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Sunday, March 1, 2015

Hedonism 101: Why Else Are We Here?


Post Prescott, with its cooling trend forecast, Bobbie and I dropped down in elevation to the glorious red rock country encircling Village of Oak Creek… always an irresistible postcard. We ended up staying a week, walking, hiking, and peddling through odoriferous stands of pinion and cedar—our hearts pulsating with aerobic joy. I know there are some higher consciousness types who like to marginalize "scenery," think it's a frivolous distraction to the real point of life and a general waste of gasoline. Thankfully, people are like jellybeans. They come in assorted colors and have divergent tastes (ideas).


For better or worse, some people perceive the world more on an emotional, as opposed to intellectual, level. It doesn't mean we are dumb or crybabies or gay, just that, for some reason, we are wired to filter the world's input first through "hearts," then the brain… instead of the other way around or with only the brain. We tend to be "colorful" and creative, bent more toward the Arts instead of Sciences. Yep, that's me. But oh to be a Michelangelo or Leonardo, sculptors, painters, architects, poets, and engineers, all wrapped into one body—paint the Sistine Chapel by day; kick royal ass in the village square chess tournament by night. :))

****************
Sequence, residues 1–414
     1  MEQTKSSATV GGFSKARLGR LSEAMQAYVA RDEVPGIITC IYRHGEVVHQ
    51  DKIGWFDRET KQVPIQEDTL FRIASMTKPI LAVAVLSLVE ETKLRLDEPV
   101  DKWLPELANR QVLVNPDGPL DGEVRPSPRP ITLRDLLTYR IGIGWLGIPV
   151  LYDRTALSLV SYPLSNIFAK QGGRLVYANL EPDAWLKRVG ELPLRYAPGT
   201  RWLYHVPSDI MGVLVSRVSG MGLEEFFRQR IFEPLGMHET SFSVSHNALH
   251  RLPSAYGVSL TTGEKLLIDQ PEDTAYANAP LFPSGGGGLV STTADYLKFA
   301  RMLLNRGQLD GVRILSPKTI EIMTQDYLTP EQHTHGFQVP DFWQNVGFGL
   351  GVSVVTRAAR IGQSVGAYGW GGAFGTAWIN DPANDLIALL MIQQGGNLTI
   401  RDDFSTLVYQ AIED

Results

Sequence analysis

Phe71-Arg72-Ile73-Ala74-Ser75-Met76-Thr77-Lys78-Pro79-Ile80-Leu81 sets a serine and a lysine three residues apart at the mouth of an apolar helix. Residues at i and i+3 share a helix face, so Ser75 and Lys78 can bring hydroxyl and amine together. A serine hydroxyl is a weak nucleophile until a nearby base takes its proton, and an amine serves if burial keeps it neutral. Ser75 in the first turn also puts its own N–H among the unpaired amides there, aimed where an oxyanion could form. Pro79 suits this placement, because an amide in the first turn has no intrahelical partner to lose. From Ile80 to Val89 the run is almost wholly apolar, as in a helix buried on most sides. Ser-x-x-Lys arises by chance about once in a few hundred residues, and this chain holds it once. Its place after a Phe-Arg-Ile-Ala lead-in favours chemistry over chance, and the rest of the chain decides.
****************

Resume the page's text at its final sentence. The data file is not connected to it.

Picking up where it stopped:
Certain landscapes, through my eyes, have the ability to inspire movement and art, which, in turn, brings happiness and pleasure. Misplaced love? Maybe, but how about I romance my "stones" and you yours. Some of the brightest thinkers and philosophers, Aristotle included, believed happiness to be among the prime purposes of life. Why endure the bleak and trudge the sludge when we are built to favor beauty and skip like a child? 

Skip, hike, or bike, whatever means of locomotion through painted deserts one chooses, there seems to be a positive sensual correlation going on: The more senses engaged, the higher the quality of experience, the more joy felt. I like it when all my senses are simultaneously revved.



I've been coming to this beautiful place of joy and rejuvenation since I was a wee child, long before it was "discovered" by Hollywood types and throngs of retired Phoenicians. Dad would often drive the family up here from our mobile home sweatbox down in the Valley of the Sun, just so we could escape triple digit heat and rest our eyes on something pretty and different. I feel a calming effect when exploring this kind of landscape, with its juniper treed red soil and rock, intoxicating sweet pine scent—the exhilarating whack and soft caress of a trailside cedar limb against bare skin—and a mountain bike is about as near perfect means of transport as there is.